The Avery Library is named for Henry Ogden Avery, one of late nineteenth century New York's promising young architects and a friend of William Robert Ware, who founded the Department of Architecture at Columbia in 1881. A few weeks after Avery's premature death in 1890, his parents, Samuel Putnam Avery and Mary Ogden Avery, established the library as a memorial to their son. They offered 200 of his books, mostly in architecture, archaeology, and the decorative arts, many of his original drawings, funds to round out the book collection, and an endowment to assure the continuous growth of the library.
Within five years the collection had grown to 13,000 volumes and Edwin Robinson Smith, a sculptor, was named the first Avery Librarian. In 1895, Samuel Putnam Avery funded a 1,139-page printed catalog which has since been published in two editions (1958, 1968), with three supplements (1972, 1975, 1977). Since 1978, all cataloging has been computerized and since 1988, records are only available on-line. In 1985-1987 cataloging records for 32,000 titles from Avery architectural collections were converted to machine readable form and today we estimate that approximately three-quarters of Avery's titles can be searched through CLIO, Columbia's online catalog.
In 1897 Avery Library moved from an alcove in the 49th Street library building into a new wing in Low Memorial Library on the Morningside Heights campus. In 1912 it became the first library to abandon its quarters in Low for its own building, Avery Hall, a new Renaissance building by McKim, Mead, and White. This final home of Avery Library was the gift of Samuel Putnam Avery II, son of the original donor.
Throughout its history Avery has had a succession of eminent librarians. The archaeologist and historian William Bell Dinsmoor (1920-1926) established the separate Fine Arts Library. He discovered and acquired some of Avery's most important architectural drawings, including Sebastiano Serlio's unpublished manuscript on domestic architecture, dating from the 1540s, illustrated with Serlio's own drawings. Serlio planned this to be the sixth book of his seven volume treatise on architecture. The manuscript was finally published in 1978 by the Architectural History Foundation.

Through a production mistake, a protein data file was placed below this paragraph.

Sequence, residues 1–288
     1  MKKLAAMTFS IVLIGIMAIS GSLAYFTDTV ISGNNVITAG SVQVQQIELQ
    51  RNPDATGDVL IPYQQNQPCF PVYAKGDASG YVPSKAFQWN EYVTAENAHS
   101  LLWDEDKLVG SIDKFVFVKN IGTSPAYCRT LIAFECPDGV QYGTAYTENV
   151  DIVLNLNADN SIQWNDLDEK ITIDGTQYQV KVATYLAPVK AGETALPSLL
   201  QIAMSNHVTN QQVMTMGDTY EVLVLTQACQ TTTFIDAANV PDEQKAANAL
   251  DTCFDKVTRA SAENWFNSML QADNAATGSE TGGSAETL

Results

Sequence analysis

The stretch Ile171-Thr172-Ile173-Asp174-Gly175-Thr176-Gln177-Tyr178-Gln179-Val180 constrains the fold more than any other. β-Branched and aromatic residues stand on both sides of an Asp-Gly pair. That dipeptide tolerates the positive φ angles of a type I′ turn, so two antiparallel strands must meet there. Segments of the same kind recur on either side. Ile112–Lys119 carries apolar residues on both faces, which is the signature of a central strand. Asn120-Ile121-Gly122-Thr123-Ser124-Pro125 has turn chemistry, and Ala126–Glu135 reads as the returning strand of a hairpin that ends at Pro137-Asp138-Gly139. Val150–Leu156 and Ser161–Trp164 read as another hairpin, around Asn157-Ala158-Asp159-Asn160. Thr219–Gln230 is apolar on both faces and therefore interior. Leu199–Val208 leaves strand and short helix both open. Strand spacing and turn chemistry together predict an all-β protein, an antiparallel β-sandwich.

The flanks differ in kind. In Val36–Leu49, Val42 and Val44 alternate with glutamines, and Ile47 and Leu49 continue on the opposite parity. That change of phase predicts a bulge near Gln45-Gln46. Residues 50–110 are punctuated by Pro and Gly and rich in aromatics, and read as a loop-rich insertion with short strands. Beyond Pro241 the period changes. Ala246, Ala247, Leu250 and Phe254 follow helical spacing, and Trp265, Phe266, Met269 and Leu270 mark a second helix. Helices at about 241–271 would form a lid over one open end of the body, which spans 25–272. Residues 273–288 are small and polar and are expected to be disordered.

From 1934 to 1945, Talbot F. Hamlin, an architect and one of the country's leading architectural historians, was librarian. He was the first to solicit drawings from active firms and he began the systematic indexing that became the Avery Index to Architectural Periodicals. First begun in 1934, as a card file, the Avery Index to Architectural Periiodicals was published in 1963 and 1973 with 13 annual supplments through 1997. CD-ROMs were issued annually from 1997-2001. The Index has been available online from the Research Libraries Group (RLG) from 1979 to 2007 and is now available from OCLC, CSA, EBSCO and NISC and WilsonWeb. In 2000, the Avery Obituary Index was added to the online database. The addition of records from the 10-volume Burnham Index to Architectural Literature in 2004 increased retrospective coverage. As of Spring 2006, there are over 600,000 records in the database. The Index provides citations to articles in approximately 300 current and over 1,000 retrospective architectural and related periodicals, with primary emphasis on architectural design and history as well as archaeology, landscape architecture, interior design, furniture and decorative arts, garden history, historic preservation, urban planning and deisgn, real estate development, and environmental studies. The Avery Index is now an operating program of the Getty Research Institute, based at Columbia University, Avery Library.
After the leadership of James G. Van Derpool (1946-1960), who emphasized the collection of rare books published prior to 1500, the library came under the direction of art historian and librarian Adolf K. Placzek (1960-1980). During these twenty years, the library acquired 122 sketches and drawings by Louis Sullivan from the Frank Lloyd Wright Foundation, 23 drawings showing Giovanni Battista Piranesi's 1764 plan for rebuilding the sanctuary of San Giovanni in Laterano, and a superb Frank Lloyd Wright collection.